Saturday, September 08, 2007

random 21

  • License plates from around the world

  • A cow stands on a pitch with 750 fields during a cow-droppings bingo game in Ruswil, near Lucerne, Switzerland, on September 2, 2007. Spectators bet on which field the cows will drop.

  • I wish I had had one of these at camp.

  • The hall of mirrors at Versaises... 3D panorama

  • I know some people who are into robots... and others who are into zombies... I won't name names, I'll let them reveal their tastes. But this is for them: Zombies vs. Robots #1
    "Ghost in the Machines" by Chris Ryall & Ashley Wood Published by IDW ($3.99) via the dc universe
    In the future, a plague has turned everyone on Earth into flesh-eating zombies. Robots that used to serve humanity band together to protect the last living human being, an infant girl, in the hopes that they can use her to restart the human race. The zombies, on the other hand, just want to use her for food.

    First, I think we can all agree that Zombies vs. Robots is the best title of anything in the history of the world. The question is, does the finished product live up to it, or like Snakes on a Plane, does it turn out that 90% of the entertainment value is in the title? Fortunately, it's the former.

    One might wonder how anyone can get a good story out of this concept. After all, what possible threat can zombies pose to robots? And at first, the answer would seem to be, "Not much." At one point, a pack of zombies try unsuccessfully to attack a robot, who then proceeds to literally rip them all to pieces. But at the end, there's a nifty twist that should level the playing field a bit for the concluding issue.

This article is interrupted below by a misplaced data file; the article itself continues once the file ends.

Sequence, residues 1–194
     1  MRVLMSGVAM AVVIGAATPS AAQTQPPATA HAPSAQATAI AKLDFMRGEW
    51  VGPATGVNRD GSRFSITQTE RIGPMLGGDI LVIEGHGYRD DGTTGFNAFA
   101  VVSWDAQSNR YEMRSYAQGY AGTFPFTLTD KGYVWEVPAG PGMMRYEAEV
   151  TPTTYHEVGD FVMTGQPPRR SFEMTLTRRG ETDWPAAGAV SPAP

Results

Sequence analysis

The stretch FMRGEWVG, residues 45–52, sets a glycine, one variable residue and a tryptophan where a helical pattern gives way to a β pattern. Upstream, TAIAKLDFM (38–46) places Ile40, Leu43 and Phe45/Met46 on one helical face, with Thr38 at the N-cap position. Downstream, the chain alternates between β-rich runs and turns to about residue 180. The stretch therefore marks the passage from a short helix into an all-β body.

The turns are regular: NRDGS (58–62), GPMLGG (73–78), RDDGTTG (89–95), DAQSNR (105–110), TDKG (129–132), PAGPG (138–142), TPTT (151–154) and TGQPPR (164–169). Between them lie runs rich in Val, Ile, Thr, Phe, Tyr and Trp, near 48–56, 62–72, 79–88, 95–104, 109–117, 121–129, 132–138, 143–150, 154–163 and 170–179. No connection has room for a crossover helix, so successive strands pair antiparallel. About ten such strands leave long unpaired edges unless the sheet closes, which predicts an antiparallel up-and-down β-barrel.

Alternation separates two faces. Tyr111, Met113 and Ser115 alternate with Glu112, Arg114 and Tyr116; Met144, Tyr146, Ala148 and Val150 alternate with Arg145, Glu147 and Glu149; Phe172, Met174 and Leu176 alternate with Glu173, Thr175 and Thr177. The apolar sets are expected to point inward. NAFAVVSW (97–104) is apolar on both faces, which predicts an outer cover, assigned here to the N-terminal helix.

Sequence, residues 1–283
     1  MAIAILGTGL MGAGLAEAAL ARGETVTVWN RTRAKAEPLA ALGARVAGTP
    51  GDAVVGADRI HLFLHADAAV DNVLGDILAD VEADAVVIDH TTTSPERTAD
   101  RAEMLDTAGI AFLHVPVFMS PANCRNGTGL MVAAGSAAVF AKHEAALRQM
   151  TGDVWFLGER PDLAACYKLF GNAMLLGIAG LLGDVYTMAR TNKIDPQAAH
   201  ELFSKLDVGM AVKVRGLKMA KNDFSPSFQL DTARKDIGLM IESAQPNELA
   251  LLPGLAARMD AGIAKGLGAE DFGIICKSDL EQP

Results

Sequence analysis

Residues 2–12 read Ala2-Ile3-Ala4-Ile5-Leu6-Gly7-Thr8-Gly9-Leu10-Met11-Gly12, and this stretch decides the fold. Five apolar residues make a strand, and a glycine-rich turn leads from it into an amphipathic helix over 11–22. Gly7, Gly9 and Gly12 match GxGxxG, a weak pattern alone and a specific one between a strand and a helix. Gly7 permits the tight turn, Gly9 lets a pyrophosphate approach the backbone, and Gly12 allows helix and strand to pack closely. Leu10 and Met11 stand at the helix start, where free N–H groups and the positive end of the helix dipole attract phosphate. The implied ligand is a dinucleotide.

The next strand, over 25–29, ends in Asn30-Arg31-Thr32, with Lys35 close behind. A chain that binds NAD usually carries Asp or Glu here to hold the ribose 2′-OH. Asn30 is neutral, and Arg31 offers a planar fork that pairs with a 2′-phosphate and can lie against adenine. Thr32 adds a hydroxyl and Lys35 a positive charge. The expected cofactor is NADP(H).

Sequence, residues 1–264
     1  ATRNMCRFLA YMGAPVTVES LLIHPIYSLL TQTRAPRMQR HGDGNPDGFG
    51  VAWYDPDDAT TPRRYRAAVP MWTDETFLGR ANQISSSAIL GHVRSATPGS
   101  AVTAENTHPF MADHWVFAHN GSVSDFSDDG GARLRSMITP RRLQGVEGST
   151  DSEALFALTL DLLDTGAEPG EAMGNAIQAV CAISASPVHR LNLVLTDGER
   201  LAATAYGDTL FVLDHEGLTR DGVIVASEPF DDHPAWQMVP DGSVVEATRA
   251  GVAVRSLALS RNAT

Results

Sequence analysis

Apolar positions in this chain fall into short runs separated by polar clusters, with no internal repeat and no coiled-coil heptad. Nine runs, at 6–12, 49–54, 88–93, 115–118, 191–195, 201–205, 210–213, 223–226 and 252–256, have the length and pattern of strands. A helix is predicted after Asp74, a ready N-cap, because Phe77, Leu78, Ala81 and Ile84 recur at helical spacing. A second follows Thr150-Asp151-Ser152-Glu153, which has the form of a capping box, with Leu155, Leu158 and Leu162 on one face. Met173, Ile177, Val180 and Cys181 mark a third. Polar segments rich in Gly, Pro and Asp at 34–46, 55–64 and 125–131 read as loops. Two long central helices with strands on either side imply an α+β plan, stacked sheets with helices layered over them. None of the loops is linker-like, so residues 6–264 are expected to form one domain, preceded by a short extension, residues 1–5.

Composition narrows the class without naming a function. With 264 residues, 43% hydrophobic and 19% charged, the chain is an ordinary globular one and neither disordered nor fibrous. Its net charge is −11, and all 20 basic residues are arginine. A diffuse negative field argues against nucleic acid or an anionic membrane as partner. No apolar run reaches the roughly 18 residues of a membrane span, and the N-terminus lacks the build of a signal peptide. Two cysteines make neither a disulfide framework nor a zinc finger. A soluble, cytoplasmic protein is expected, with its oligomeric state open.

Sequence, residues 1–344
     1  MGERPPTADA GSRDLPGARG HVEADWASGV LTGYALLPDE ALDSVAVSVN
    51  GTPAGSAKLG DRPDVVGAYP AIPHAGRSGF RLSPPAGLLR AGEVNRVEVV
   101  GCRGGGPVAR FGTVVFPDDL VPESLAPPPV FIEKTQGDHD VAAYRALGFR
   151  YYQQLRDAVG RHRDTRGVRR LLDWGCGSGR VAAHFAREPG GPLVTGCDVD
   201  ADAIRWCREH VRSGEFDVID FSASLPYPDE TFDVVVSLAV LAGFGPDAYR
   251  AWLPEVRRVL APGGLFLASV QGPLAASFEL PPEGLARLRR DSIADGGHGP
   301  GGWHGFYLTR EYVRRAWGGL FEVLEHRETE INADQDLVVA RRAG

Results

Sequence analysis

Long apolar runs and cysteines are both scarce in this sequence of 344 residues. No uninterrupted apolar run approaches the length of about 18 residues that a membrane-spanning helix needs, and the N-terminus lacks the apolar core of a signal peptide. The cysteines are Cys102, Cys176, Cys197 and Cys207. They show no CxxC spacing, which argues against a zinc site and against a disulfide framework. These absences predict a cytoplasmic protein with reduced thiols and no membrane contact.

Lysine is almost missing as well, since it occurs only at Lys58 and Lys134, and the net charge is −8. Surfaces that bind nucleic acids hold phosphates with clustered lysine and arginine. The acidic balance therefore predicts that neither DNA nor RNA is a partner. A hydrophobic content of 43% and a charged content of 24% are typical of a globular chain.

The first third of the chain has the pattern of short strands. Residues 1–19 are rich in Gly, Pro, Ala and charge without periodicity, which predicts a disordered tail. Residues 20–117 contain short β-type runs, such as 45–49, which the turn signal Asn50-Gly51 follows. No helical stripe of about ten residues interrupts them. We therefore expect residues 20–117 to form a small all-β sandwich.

Admittedly, I'm a sucker for any zombie movie, book, or comic. Even bad ones usually have at least one or two cool moments. Zombies vs. Robots has considerably more than just a couple, and is a must-read for any zombie (or robot) fan.

  • Apparently Scream is the most expensive music video ever made.
    Cost: $7,000,000+
    Artist: Michael Jackson (featuring Janet Jackson)

    Michael Jackson's videos have always been ridiculously expensive. In 1983, he spent $800,000 on "Thriller," which would be about $1.4 million today. But remember that before "Thriller," no one even came close to spending that kind of money, and he had to do it with limited technological capabilities. As technology improved, Jacko's videos became more expensive, spending over $1.2 million on "Black or White" in 1992, and even more on "Remember The Time." But if he can keep an oxygen chamber, a petting zoo, the Elephant Man's bones, and an entire plastic surgery team in his mansion, it's certainly no biggie to drop another $7 mil on a video with his sister.

    "Scream's" $7,000,000 price tag is more than twice as much as the next most expensive music video (Puff Daddy's "Victory" at $2.7 million), and it's easy to see why: he spent $5 million alone on 11 sets. Yet while watching the video, it all seems incredibly wasteful, not coming close to the film quality of "Thriller", "November Rain," or "Victory."

  • Seattle Times highlights senator Ted "Kennedy's efforts to kill an offshore wind farm on Nantucket Sound. Cape Wind was to be the first such project in the United States and a source of pride to environmentally-minded New Englanders. Polls show 84 percent of Massachusetts residents in favor." Kennedy continues to lead the battle to stop the project. Kennedy and others "don't want to see windmills from their verandas.... Even though the towers would be at least five miles out and barely visible from shore on the clearest day." Or as Kennedy says: "But don't you realize — that's where I sail!"

No comments: